We undertook this study to assess the possible association of changes in the transcriptional expression of individual sirtuin genes with breast cancer. Firstly, we investigated sirtuin gene expression in both primary and immortalised cells with a view to determining how cellular ageing and immortalisation influenced their transcription profile. Consequently, we observed SIRT3 and SIRT7 transcription to increase in primary cells as they approach senescence (), concurrent with an increase in p16INK4a and p21CIP1 expression () and the accumulation of SA-β-Gal-containing cells (). Secondly, we demonstrated a significant in vivo association between altered SIRT3 and SIRT7 transcription and malignant breast disease (, and ).
A link between the transcriptional expression of genes involved in biological ageing and cancer is pertinent. Individual sirtuins are respondents to intracellular redox changes and cell stress and hence biological ageing. In yeast, SIR2
provides a functional link between the telomere and ribosomal DNA cluster integrity, thus impacting on ribosome production and enabling the cell to respond to stress induced redox state changes in the mitochondrion (Guarente, 2000
). Consequently, damage responses in the cell can be modulated to match the degree of insult. In man, individual sirtuins may provide separate functional components of this process (Shiels and Davies, 2003
). This is intriguing, in the light of the observations that SIRT7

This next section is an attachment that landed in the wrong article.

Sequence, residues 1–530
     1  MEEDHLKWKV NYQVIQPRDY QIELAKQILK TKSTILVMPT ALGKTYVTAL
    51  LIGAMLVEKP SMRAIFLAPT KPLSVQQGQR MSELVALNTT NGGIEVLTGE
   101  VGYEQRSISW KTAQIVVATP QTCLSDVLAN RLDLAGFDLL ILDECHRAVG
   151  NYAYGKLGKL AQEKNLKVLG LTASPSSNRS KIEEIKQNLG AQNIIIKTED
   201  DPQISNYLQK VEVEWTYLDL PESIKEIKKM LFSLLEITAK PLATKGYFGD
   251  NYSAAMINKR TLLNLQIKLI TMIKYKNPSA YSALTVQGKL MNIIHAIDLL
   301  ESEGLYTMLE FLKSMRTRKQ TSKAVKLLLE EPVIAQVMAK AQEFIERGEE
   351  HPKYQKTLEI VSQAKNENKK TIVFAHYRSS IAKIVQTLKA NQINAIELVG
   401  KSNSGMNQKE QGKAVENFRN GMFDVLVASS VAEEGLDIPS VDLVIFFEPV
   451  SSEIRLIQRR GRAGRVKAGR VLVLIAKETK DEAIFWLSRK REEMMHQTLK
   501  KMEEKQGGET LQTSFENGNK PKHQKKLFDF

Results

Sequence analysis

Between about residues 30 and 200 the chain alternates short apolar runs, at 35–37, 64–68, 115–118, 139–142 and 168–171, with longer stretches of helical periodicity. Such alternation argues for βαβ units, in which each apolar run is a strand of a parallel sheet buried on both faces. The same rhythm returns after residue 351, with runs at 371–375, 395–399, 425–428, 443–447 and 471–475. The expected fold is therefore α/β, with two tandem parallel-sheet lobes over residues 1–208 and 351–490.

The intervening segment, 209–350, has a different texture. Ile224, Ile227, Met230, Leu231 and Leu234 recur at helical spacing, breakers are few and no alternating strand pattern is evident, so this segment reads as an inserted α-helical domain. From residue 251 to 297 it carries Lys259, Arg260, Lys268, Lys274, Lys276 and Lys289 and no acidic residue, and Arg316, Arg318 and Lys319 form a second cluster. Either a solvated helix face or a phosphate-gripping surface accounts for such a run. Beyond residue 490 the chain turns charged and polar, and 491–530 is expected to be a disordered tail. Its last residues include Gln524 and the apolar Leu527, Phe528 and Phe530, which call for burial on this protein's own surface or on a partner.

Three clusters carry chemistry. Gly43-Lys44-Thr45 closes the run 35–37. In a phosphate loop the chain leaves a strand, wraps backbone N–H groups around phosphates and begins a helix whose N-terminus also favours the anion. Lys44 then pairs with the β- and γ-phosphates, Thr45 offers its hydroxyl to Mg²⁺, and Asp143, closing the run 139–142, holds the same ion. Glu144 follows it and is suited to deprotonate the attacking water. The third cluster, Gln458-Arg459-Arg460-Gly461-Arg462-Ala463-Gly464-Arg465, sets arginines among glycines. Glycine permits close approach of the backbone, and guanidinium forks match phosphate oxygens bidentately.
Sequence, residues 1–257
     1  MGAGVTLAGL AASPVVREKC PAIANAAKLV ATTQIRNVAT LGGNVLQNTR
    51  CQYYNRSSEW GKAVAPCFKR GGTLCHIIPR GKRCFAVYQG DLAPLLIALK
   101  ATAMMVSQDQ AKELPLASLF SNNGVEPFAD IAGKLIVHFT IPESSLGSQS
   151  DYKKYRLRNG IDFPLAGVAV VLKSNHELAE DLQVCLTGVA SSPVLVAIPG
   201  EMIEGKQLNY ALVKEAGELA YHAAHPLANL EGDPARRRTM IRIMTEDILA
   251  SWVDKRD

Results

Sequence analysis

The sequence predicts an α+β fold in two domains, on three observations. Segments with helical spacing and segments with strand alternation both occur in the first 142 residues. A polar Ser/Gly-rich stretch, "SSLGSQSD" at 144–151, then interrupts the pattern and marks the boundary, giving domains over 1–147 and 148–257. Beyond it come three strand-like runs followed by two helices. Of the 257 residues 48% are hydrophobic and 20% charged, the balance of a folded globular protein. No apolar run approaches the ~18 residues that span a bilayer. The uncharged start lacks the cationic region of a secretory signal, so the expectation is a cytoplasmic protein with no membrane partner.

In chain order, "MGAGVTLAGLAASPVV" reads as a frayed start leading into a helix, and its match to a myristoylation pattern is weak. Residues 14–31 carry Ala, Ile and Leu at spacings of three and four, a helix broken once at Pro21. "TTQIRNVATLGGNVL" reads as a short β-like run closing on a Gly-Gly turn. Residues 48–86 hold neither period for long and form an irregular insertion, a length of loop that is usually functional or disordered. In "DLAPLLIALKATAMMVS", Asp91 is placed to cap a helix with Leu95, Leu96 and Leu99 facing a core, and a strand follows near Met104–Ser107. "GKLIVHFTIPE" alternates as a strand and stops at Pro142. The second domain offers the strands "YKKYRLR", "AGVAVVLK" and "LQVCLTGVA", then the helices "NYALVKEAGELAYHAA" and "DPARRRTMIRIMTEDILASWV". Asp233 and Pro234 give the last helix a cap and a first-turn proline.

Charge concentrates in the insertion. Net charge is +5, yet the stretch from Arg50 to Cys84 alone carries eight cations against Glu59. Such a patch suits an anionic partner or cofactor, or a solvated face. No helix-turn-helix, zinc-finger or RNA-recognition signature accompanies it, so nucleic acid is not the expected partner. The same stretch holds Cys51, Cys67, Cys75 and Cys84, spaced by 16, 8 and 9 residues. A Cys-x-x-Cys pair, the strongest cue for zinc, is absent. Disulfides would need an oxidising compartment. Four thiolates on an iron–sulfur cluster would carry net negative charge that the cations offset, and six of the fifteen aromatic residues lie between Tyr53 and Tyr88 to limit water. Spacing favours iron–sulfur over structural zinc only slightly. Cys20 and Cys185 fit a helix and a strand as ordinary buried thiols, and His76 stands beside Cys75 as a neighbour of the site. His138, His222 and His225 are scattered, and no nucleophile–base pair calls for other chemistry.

localises to the nucleolus and SIRT3
localises to the mitochondrion (Onyango et al, 2002
; Michishita et al, 2005
). These subcellular locations, along with the telomere nucleoprotein complex, provide the components of a functional trinity, we have termed the MTR, that senses, assesses and signals damage (Shiels and Davies, 2003
; Shiels and Jardine, 2003
). Our observations that SIRT3
expression is increased as primary mammary epithelial cells approach senescence and are also increased in node-positive breast cancer is in keeping with the MTR hypothesis.
expression is invariably elevated in thyroid cancer cell lines and biopsies, increased expression of SIRT7
may represent an important step in malignant transformation (de Nigris et al, 2002
; Frye, 2002
). Indeed, SIRT7
has recently been shown to activate Pol I encouraging growth and proliferation (Ford et al, 2006
). In this study, we have shown that increased SIRT7
expression is also observed in breast cancer, and may therefore be postulated, in a similar manner, to be required for malignant transformation (). Furthermore, SIRT7
expression is also associated with nodal invasion and therefore locally aggressive disease (). Whether this increased expression contributes to the increased proliferative potential of mammary cancer cells or reflects a molecular change necessary for breast cancer tumorigenesis is undetermined. Alternatively, it may reflect a compensatory mechanism as a consequence of the increased proliferative state. This is supported by observations on the activity of the yeast sirtuin orthologue, SIR2
. Nucleolar SIR2
activity is a limiting factor for determining when the cell undergoes senescence (Guarente, 1999
). The high proliferative rate in many tumours often results in them having shortened telomeres as a consequence of rapid cell turnover outstripping telomerase-mediated telomere repair. This may, in analogy with the situation in yeast (Guarente, 1999
), lead to an upregulation of sirtuin activity in an attempt to stabilise the nucleolus. The increased SIRT3